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Georgia TV cameraman dies after beating by far-right mob


A Georgian TV cameraman has died after being badly beaten by far-right assailants during a protest against an LGBTQ Pride march, his station said Sunday, as pressure mounted on authorities over attacks on journalists.

Lekso Lashkarava was one of the 53 media representatives who were attacked by right-wing groups during the Tbilisi Pride counter rally on June 5. Photo: Nino Alavidze/

Alexander Lashkarava, a 37-year-old cameraman working for independent TV station Pirveli, was found dead in his bed in the early hours on Sunday, the channel reported.


On Monday, he was assaulted by a violent mob of anti-LGBTQ protesters and sustained fractures to his facial bones.

More than 50 journalists were attacked that day by anti-LGBTQ groups protesting the planned Pride march, which was cancelled over safety fears.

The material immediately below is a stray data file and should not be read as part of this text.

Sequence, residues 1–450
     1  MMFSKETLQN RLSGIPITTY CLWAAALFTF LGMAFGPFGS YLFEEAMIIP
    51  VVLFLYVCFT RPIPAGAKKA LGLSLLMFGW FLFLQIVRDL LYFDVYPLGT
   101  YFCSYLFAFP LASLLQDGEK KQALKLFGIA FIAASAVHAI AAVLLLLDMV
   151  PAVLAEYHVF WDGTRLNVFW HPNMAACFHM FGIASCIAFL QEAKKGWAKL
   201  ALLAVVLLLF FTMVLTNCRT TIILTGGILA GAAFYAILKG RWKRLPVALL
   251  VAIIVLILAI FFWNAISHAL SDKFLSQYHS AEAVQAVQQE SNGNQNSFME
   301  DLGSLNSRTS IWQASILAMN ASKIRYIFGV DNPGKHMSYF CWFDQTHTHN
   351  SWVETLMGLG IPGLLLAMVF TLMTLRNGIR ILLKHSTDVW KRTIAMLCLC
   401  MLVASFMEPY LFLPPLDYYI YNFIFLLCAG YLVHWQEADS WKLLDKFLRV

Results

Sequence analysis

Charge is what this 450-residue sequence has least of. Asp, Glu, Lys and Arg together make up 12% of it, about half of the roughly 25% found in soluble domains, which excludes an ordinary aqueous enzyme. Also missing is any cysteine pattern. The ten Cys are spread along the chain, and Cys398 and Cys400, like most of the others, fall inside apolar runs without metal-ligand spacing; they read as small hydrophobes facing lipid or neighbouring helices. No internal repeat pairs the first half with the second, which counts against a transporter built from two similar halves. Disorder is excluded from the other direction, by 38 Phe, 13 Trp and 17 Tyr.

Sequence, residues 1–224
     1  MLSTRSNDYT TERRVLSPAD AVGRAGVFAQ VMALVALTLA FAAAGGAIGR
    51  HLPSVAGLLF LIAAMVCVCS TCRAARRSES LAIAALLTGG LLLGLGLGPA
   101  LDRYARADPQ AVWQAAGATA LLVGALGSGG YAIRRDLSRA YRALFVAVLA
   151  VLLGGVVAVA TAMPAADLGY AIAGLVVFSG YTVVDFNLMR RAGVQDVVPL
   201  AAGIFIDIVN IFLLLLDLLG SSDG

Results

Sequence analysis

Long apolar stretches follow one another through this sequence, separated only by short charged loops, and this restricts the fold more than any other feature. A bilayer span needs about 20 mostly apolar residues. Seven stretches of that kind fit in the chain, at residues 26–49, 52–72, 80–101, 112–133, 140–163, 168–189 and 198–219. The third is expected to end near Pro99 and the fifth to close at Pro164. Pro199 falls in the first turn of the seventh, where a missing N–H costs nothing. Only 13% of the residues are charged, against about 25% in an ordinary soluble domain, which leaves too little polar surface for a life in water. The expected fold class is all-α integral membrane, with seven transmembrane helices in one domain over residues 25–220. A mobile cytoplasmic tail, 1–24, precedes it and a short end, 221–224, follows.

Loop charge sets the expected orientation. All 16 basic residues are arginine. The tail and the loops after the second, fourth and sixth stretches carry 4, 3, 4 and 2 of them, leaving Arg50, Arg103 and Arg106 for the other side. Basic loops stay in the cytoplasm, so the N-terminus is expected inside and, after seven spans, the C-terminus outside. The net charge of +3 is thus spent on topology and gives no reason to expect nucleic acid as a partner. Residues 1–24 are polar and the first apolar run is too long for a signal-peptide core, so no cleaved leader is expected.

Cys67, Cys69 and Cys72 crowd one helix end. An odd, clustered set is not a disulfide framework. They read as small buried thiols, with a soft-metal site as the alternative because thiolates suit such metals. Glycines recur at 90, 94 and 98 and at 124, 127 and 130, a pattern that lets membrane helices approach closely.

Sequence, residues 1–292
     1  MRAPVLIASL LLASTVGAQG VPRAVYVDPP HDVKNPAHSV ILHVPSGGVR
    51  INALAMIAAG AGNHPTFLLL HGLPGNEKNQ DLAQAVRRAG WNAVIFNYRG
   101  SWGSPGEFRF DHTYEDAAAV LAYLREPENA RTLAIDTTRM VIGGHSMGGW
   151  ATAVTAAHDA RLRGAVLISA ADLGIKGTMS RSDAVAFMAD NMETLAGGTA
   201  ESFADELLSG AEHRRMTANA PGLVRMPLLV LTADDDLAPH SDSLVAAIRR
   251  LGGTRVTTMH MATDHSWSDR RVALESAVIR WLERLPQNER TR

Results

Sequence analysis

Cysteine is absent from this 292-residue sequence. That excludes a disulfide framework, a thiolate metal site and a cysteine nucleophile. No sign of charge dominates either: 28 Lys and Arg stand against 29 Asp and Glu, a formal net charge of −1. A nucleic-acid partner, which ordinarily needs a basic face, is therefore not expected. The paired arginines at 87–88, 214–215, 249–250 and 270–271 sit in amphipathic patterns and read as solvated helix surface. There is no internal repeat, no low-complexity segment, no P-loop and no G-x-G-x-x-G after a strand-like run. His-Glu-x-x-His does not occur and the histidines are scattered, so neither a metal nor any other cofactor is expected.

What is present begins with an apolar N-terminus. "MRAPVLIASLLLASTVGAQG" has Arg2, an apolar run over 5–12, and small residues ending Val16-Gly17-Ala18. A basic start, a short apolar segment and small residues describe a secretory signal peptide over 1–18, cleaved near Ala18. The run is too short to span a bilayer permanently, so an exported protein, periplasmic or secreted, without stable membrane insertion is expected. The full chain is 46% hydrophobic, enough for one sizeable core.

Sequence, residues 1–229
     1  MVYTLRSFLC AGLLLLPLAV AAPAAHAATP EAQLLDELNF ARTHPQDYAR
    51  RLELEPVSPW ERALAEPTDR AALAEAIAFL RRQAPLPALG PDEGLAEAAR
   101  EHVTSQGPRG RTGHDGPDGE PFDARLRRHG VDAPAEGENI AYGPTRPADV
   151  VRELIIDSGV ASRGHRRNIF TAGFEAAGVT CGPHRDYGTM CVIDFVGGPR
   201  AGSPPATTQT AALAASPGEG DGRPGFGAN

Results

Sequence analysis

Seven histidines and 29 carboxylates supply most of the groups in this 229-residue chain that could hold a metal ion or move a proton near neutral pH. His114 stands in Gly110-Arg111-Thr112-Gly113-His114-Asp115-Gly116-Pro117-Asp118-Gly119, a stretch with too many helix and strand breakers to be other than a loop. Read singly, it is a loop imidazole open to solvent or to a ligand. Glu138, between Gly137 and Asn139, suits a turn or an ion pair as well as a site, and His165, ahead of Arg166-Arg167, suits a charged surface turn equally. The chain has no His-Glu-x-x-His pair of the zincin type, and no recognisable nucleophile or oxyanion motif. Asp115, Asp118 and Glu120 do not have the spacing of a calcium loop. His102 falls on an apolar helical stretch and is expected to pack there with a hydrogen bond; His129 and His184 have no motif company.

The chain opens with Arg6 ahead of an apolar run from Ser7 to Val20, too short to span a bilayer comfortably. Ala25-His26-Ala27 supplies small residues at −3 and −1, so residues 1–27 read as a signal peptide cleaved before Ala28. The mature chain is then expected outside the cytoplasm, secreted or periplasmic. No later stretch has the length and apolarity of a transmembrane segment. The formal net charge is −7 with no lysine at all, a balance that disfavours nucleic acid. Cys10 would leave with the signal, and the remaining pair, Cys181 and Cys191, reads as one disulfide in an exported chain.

Reporters Without Borders (RSF) condemned the attacks, saying journalists “sustained injuries that included concussion, chemical burns and broken arms.”


It accused authorities of “culpable passivity” and said police had failed to protect journalists.

Georgia’s interior ministry said in a brief statement on Sunday that an investigation had been opened into Lashkarava’s death.

Rights activists announced a protest rally later Sunday to demand Prime Minister Irakli Garibashvili’s resignation following the death.


Prominent Georgian TV personalities and managers have accused Garibashvili’s government of orchestrating a violent campaign against journalists.

“The government not only encourages violence against journalists, it is part of the violence,” Nodar Meladze, TV Pirveli’s news editor, told AFP.

“The government has set up violent groups to attack independent media,” he said adding that “riot police have also repeatedly targeted journalists.”


In June 2019, riot police injured some 40 journalists covering an anti-government protest.

Garibashvili has faced strong criticism from the opposition and rights activists after he spoke out against holding the Pride march, describing it as “unacceptable for a large segment of Georgian society.”

Critics have accused the ruling Georgian Dream of tacitly supporting homophobic and nationalist groups, who have also staged protests against pro-Western opposition parties.


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